USS Missouri (BB-63) WWII Color Photographs Part III

Missouri firing from Turret One during her shakedown cruise in August, 1944. The heat and pressure of the guns disturbs the surface of the water during firing, which has led to the misconception that the ship was pushed sideways by the recoil. (U.S. Navy 80-G-K-4546)
A sailor adjusts one of the “bloomers” of a 16” gun. The bloomers were rubberized canvas over a metal frame and were designed to keep wind and spray from entering the Turret. During firing, the guns recoiled 4 feet (1.22 meters), which required the greasing of the barrel to ensure the bloomer frame didn’t bind, as seen here. (U.S. Navy 80-G-K-4535)
Missouri’s Commanding Officer, Captain William M. Callaghan is seen on his bridge. On the starboard side of the bridge was a single chair, which was reserved for the exclusive use of her Captain. The bridge was provided with windows which could be rolled down to prevent breakage during gun shoots. (U.S. Navy 80-G-K-4536)
A view from inside the 04-level bridge showing Captain Callaghan with his Officer of the Deck, LT Morris R. Eddy, and Yeoman First Class Arthur Colton. The Iowa class was normally conned from the O4-level bridge, but had additional conning stations on the O5 and O8 levels. (U.S. Navy 80-G-K-4537)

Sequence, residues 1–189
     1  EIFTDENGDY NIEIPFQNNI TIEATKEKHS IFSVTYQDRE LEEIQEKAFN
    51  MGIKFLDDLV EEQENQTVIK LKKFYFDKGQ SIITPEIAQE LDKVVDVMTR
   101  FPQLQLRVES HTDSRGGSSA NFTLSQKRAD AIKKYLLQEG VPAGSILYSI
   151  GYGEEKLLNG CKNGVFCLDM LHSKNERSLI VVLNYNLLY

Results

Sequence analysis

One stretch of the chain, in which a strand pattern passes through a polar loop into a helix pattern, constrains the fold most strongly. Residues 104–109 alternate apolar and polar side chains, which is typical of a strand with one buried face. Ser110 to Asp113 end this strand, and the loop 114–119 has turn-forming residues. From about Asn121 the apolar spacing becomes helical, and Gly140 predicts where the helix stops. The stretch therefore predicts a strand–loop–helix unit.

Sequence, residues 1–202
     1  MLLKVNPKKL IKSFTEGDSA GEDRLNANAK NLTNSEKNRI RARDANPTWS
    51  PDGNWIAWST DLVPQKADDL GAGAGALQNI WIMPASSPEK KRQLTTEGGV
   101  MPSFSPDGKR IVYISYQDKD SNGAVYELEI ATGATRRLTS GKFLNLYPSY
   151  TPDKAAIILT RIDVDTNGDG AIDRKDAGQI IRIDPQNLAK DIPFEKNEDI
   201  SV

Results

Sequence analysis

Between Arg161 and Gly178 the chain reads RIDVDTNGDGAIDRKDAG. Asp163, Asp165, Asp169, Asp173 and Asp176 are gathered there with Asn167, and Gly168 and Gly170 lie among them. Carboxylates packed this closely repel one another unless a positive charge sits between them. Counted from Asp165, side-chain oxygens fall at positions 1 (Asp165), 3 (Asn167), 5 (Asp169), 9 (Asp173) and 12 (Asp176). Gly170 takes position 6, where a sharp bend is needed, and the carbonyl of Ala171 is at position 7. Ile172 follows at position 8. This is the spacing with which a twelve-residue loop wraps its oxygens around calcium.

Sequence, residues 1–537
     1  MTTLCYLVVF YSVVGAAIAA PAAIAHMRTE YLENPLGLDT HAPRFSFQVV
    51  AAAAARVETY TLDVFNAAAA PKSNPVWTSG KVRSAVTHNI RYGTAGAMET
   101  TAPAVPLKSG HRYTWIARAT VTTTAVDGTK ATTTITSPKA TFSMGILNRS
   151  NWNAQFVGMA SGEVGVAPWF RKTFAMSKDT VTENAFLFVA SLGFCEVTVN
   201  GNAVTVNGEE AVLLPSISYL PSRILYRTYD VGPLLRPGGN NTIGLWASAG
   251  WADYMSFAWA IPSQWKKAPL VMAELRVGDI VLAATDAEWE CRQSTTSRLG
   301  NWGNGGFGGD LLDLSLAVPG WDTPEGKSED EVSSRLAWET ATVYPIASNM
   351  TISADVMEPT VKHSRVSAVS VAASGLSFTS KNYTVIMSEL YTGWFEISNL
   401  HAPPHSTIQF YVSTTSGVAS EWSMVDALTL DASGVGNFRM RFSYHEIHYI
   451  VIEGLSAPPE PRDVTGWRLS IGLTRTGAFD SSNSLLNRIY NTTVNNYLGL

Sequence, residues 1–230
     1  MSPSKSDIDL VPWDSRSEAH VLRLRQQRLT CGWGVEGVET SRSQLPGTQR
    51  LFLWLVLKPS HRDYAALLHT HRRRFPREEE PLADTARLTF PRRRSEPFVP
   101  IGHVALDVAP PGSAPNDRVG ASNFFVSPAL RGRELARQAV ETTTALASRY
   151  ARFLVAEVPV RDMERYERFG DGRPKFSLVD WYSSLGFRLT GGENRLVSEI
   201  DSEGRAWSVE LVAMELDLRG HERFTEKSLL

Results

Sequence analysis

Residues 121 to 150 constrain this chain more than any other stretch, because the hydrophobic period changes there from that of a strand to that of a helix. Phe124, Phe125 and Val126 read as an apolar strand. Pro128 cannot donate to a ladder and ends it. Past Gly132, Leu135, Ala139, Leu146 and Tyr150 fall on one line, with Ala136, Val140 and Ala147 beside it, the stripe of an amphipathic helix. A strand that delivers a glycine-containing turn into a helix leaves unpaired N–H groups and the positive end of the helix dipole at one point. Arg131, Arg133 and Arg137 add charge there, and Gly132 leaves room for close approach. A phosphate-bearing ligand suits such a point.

Missouri’s Executive Officer, CDR Jacob E. Cooper seen on the 05-level bridge prior to a gun shoot. (U.S. Navy 80-G-K-4538)
The 40mm quad Bofors mount on top of Turret Two. The forward turrets are trained to port, while the Bofors guns are trained to the rear of the Turret which gives an odd impression. In the background is USS Alaska (CB-1). (U.S. Navy 80-G-K-5579)
Gunner’s Mate Second Class Charles J. Hansen works on a Bofors gun. This is mount 13, as is painted on the gun shield. Hansen was a survivor of the sinking of the heavy cruiser USS Vincennes (CA-44), sunk during the Battle of Savo Island on 09AUG42. The tattoo on his right shoulder commemorates his fallen shipmates. (U.S. Navy 80-G-K-4510)
A view from the superstructure showing several signal flags and the two most forward 5”/38 mounts on the port side. Note “Mount #2” painted on the roof of the mount to the right. (U.S. Navy 80-G-K-4571)
Yeoman Third Class Betty Martin exiting the rear of 5”/38 Mount #9, which is painted on the side of the mount to the right. This view shows several details of the back of the Mark 28 twin mounts. These mounts were protected against shell splinters by a 2.5” (63.5mm) armored gunhouse. (U.S. Navy 80-G-K-4570)
Sailors man one of Missouri’s 36” (91.5 cm) searchlights. (U.S. Navy 80-G-K-4560)

Part I here:


14 thoughts on “USS Missouri (BB-63) WWII Color Photographs Part III

  1. Speaking of bridge window breakage … my Dad is reputed to be responsible for breaking the bridge windows of a Sumner class DD during the Cold War yeas as he was the officer who gave the order to fire both forward 5in/38 twin mounts.

    Liked by 4 people

      1. i cannot imagine that my daughter would’ve joined the Navy had she been made to wear that style uniform! 😉 i’ll have to show her that pic.
        The Service has come a long way since the 40’s.

        Liked by 1 person

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